Public release date: 29-Aug-2007
Twenty to fifty percent of HCV infected patients recovers spontaneously. The hepatitis C patients and their relatives like to know if his/her infection would fall into the category for self recovery.
A research article to be published on August 21 in the World Journal of Gastroenterology addresses this question. The research team led by Dr. Mihm from Georg-August-Universität spent more than 8 years working with a cohort of 67 patients who spontaneously recovered from HCV infection. In addition to these, the researchers included a similar number of patients with chronic HCV infection. Large sample size allowed these investigators to obtain results with great statistical significance, and to draw very reliable conclusions.
One conclusion reported by the investigators is, patients who self recovered usually have lower levels of HCV antibody. Thus patients with lower HCV antibody titer may have a brighter clinical outcome. However, for a practical standard to be established to define a low HCV antibody titer, more effort is needed by investigators in the future.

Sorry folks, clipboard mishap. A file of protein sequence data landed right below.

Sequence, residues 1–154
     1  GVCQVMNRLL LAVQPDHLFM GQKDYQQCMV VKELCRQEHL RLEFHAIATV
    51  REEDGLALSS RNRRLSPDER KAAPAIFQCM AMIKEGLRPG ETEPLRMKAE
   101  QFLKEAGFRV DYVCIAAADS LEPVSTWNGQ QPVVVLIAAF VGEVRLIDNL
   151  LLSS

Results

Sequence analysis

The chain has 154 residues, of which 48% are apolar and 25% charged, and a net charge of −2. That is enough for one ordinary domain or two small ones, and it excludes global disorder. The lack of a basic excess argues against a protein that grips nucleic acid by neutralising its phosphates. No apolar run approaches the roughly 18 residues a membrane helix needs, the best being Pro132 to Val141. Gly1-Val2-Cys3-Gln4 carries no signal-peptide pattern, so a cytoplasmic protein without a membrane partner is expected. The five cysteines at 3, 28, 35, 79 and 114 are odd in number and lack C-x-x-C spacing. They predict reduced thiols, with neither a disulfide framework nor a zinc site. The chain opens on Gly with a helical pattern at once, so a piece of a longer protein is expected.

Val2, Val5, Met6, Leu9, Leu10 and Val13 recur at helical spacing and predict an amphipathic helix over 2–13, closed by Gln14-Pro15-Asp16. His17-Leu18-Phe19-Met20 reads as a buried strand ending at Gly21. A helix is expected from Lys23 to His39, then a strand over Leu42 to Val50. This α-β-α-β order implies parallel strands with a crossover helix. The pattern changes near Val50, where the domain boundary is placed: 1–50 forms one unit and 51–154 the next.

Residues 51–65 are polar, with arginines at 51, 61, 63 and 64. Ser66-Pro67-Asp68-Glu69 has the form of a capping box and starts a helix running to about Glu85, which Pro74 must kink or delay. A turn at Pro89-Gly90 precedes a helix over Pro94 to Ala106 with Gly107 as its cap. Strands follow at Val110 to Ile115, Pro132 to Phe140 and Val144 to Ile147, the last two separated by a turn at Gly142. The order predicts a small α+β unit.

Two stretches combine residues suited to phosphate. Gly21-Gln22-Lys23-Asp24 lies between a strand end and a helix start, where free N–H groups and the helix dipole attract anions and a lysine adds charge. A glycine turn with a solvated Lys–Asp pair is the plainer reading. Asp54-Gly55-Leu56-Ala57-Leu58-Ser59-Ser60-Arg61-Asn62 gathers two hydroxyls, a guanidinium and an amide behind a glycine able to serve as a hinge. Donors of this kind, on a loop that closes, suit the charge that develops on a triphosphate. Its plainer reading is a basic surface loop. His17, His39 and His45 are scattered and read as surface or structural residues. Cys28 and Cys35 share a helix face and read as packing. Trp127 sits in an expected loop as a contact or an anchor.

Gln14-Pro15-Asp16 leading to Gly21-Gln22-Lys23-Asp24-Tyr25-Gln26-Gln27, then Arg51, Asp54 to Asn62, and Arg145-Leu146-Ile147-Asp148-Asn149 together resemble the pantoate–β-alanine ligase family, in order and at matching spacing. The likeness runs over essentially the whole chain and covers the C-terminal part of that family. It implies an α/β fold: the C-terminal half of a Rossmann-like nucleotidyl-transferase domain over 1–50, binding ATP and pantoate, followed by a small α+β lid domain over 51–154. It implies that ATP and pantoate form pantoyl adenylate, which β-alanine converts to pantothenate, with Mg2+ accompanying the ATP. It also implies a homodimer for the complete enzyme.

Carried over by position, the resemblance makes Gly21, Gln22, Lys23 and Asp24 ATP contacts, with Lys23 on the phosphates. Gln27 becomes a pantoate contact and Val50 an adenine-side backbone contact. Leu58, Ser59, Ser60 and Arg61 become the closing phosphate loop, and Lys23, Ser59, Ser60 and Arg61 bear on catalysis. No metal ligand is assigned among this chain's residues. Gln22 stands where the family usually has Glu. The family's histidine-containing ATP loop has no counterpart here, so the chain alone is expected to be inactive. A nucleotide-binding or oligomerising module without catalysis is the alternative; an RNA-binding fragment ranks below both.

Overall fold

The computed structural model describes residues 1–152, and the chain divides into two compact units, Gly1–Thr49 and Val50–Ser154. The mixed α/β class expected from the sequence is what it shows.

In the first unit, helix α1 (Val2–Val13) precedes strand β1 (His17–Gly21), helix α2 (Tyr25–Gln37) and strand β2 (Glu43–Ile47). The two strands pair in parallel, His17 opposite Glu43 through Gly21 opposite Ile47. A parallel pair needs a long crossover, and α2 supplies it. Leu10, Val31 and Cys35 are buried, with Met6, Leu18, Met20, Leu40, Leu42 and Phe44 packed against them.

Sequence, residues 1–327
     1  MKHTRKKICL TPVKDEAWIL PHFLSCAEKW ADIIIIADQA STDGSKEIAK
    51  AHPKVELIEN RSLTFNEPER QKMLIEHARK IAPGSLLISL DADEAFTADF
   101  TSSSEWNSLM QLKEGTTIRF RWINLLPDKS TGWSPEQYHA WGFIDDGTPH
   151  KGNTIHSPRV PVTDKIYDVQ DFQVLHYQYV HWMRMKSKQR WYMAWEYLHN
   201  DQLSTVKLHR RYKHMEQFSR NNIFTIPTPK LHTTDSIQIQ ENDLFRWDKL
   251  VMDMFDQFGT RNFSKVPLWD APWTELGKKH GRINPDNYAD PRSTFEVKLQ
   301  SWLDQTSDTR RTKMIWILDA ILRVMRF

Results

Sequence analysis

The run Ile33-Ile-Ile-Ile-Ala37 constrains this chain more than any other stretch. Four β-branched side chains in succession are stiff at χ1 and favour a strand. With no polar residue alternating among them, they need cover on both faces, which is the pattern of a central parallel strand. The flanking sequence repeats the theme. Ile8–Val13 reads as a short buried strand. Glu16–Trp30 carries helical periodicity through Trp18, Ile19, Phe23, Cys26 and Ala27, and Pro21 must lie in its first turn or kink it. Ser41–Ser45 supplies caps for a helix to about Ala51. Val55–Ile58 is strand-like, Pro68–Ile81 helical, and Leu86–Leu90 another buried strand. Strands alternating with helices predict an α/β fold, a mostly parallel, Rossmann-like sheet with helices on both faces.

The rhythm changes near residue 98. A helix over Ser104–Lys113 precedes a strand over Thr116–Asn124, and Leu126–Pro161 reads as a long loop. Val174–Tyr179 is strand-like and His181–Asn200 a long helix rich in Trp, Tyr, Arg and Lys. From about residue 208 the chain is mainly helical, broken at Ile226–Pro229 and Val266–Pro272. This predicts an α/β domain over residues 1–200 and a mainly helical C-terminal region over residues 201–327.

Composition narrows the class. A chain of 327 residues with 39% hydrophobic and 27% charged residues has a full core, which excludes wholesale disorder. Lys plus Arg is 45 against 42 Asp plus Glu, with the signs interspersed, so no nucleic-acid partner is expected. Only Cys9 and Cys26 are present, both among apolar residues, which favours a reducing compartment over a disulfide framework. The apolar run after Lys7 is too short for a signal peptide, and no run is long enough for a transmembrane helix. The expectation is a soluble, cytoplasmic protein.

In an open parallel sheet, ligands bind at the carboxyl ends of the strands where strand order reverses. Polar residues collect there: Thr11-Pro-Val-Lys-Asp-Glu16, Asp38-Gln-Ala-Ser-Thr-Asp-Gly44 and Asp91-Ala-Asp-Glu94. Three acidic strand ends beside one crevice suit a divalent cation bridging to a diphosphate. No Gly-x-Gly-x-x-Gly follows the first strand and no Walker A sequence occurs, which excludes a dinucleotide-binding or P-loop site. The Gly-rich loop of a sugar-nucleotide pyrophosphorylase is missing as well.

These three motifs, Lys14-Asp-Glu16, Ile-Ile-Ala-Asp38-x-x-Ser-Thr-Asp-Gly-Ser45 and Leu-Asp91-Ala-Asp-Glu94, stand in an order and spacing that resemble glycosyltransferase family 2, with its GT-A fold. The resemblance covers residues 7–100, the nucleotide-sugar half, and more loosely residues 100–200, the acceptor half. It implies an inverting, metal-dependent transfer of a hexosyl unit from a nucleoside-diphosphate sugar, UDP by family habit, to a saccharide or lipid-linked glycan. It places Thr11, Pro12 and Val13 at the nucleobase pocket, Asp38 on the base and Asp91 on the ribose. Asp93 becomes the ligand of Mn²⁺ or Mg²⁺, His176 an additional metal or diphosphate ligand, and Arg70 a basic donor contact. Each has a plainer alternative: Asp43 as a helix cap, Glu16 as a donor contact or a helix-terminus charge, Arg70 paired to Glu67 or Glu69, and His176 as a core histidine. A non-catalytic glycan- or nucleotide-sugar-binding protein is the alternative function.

Another interesting conclusion reached by these investigators is, co-infection by hepatitis B virus (HBV) is associated with a higher possibility of self recovery. The investigators suggested that the infection of HBV interferes with the HCV replication, which would finally lead to virus eradiacation.. HCV patients co-infected by hepatitis A virus also have a better chance of self recovery, possibly by a similar mechanism.
Ralph’s Note- The next step will be to see if those vaccinated against Hep A and Hep B become infected with Hep C more often.